BRADENTON, Fla. - Florida’s water and sewer utilities expect to take on more debt, Fitch Rating analysts say, to focus on developing alternative water sources and ensuring water quality.
Although debt levels among the state’s utilities have trended upward since 2014, Fitch said in a report Monday that borrowing has been largely for renewal and replacement capital expenses.
The average utility rating continues to be AA, and based on mostly stable rating outlooks “credit quality is expected to remain high,” said Fitch analyst Eva Rippeteau, lead author of the report.
“The increased debt has supported a concurrent rise in annual capital expenditures and has resulted in much improved cash reserves,” Rippeteau said. “Fitch expects debt issuances to continue to rise over the next several years.”
The Florida Department of Environmental Protection has issued permits for 5,230 public drinking water systems in the state and 1,970 domestic wastewater facilities, said DEP spokeswoman Dee Ann Miller.
Fitch said some utilities will need to find new sources of water that could be costly, necessitating regional cooperation.
“Regional water supply initiatives are becoming important ways to co-finance, operate and ensure what can be costly approaches to long-term water supply resource,” Rippeteau said. “These are particularly important for parts of the state that may be drought sensitive or those located in ecologically sensitive areas throughout the state, such as the Everglades.”
The regional approach to planning is already underway in Orange, Osceola, Seminole, Polk and southern Lake counties, which created the Central Florida Water Initiative to work on water supply projects with water management districts, the state Department of Environmental Protection and other stakeholders.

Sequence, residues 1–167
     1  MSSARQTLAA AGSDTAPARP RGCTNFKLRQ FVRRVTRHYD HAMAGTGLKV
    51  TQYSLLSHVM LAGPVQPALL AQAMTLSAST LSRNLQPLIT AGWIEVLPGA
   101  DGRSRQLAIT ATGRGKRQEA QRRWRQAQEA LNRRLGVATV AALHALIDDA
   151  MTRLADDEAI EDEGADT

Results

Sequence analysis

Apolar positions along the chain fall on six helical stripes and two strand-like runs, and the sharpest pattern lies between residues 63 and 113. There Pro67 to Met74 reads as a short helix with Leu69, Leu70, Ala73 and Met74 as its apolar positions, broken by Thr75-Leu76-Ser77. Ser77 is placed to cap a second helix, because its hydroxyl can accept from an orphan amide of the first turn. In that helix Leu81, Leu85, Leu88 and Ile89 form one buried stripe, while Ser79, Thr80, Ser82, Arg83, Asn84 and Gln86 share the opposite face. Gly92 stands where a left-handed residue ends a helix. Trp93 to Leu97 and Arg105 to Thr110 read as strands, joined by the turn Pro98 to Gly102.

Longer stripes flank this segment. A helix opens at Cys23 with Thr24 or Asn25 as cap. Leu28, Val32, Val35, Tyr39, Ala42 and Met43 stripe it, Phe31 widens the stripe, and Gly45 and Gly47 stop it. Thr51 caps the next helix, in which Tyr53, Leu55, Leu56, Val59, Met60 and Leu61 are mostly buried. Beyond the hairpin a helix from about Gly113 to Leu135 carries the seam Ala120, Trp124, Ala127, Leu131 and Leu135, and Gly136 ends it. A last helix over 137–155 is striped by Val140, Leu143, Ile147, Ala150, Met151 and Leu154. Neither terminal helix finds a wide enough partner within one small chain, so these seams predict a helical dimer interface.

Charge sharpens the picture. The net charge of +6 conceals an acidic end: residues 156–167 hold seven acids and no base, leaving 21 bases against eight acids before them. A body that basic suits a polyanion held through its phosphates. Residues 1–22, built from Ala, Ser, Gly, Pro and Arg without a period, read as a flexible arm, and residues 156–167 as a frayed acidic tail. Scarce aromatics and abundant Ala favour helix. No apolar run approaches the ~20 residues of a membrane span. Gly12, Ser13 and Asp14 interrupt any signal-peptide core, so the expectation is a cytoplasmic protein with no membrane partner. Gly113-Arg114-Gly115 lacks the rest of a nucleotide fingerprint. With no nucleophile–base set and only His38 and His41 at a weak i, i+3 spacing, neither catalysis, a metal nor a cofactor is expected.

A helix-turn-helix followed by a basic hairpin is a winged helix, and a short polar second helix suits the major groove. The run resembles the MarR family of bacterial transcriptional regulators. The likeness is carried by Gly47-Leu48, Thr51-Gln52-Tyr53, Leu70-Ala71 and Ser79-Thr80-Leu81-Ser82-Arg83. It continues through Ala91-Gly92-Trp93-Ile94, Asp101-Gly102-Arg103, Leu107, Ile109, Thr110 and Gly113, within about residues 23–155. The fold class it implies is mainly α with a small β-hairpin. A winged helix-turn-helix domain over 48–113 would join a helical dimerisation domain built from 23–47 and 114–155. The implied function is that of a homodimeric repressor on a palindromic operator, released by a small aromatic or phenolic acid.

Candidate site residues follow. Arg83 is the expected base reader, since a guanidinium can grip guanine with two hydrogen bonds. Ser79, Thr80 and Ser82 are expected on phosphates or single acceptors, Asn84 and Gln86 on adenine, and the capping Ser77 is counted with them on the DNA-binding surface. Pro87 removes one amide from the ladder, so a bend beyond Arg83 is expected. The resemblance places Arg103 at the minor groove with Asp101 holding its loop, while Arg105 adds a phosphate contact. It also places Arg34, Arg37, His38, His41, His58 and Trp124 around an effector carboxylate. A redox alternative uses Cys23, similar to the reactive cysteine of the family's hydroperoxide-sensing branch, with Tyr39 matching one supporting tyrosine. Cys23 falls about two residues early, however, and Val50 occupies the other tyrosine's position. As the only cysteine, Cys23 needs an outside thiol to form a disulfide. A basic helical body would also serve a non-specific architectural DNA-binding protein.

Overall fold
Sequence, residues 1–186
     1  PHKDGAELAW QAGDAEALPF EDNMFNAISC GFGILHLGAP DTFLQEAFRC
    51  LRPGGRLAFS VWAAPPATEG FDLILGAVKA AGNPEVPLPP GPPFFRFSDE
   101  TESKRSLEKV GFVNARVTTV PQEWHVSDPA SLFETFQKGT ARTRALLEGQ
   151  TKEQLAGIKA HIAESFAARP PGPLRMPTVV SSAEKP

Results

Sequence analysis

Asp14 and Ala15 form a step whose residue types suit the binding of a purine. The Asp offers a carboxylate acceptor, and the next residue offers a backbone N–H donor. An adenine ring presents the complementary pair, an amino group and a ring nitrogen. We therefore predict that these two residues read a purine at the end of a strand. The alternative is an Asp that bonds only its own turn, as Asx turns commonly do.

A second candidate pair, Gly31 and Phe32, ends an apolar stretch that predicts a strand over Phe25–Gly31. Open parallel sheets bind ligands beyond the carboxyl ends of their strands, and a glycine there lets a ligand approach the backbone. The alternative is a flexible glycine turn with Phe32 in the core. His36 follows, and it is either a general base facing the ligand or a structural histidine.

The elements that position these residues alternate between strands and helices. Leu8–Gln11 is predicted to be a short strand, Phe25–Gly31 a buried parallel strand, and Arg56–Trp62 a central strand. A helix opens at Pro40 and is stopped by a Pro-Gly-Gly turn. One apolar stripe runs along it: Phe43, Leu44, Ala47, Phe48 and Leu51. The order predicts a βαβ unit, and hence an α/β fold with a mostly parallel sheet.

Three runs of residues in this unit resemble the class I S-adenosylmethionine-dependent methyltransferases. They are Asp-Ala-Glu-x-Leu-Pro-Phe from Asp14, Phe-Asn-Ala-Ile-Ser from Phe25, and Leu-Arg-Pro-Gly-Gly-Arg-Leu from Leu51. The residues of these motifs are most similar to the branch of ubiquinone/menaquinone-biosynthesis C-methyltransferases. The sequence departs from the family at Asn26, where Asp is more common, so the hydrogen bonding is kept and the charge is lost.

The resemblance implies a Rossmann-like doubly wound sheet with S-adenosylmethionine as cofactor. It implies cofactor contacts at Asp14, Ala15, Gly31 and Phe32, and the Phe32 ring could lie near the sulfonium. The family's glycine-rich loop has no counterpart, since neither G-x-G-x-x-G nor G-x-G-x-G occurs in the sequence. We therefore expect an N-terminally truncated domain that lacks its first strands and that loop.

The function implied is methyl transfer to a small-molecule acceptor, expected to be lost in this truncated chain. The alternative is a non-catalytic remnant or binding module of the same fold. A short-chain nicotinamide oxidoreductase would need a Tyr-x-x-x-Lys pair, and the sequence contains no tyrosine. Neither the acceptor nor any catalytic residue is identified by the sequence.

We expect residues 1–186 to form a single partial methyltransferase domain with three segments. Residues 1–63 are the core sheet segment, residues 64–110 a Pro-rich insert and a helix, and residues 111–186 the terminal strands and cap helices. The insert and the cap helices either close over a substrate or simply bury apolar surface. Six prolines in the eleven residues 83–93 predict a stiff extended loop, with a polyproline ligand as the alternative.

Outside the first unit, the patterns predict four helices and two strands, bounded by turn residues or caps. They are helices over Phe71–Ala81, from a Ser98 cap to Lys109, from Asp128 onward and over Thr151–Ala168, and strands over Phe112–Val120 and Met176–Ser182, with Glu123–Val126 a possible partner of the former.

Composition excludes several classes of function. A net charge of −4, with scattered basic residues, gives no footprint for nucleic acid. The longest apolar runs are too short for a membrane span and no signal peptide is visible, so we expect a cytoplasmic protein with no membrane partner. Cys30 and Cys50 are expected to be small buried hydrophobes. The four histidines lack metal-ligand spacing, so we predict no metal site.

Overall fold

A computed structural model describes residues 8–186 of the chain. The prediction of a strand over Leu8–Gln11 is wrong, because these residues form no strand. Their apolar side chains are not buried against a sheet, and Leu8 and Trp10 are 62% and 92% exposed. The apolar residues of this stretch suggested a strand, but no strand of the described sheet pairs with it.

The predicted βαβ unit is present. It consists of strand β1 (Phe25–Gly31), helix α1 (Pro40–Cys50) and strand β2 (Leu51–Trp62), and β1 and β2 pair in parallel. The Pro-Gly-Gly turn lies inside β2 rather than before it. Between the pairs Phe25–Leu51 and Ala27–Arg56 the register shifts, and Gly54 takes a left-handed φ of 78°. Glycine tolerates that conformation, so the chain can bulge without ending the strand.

The CFWI estimates a need for 300 million gallons per day in additional supply - above the 800 million gallons per day of current average total use - to meet forecast needs of the region through 2035, Fitch said.
The CFWI expects to obtain new water resources through a number of avenues, including aquifer recharge and augmentation, increased water conservation and the continued development of alternative treatment capacity.
On June 14, Gov. Rick Scott signed House Bill 573 into law, creating the Heartland Headwaters Protection & Sustainability Act” recognizing the 560,000-acre Green Swamp in central Florida as a regionally significant recharge area for the Floridan Aquifer.
HB 573 requires that the Polk Regional Water Cooperative consisting of Polk County and 15 municipalities in the county prepare an annual report of needed water, sewer and flood control projects as well as costs and financing sources. The report is due to the state by Dec. 1 each year.
Fitch said it took 39 rating actions between June 1, 2016 and May 30, 2017, affirming 30 ratings, upgrading four ratings by one notch each. Only one rating was downgraded over the year-long period.
Median operating revenues grew by 7% from fiscal years 2014 to 2016, largely supported by continued rate increases and steady customer growth.
“Sufficient revenue growth offset steadily rising operations and maintenance expenses, leading to improved net revenues and the resulting strong debt service coverage levels,” Fitch said, adding median senior lien debt-service coverage from all revenues totaled more than 3 times.
Fitch said strong financial results in Florida are supported by an increase in the median days’ cash on hand and improved free cash relative to depreciation, both of which are key liquidity metrics.
Cash on hand improved to a “very robust” 634 days in fiscal 2016, marking a fifth consecutive year of annual increases, and an overall 47% rise in liquidity from fiscal year 2012 to 2016, Fitch said.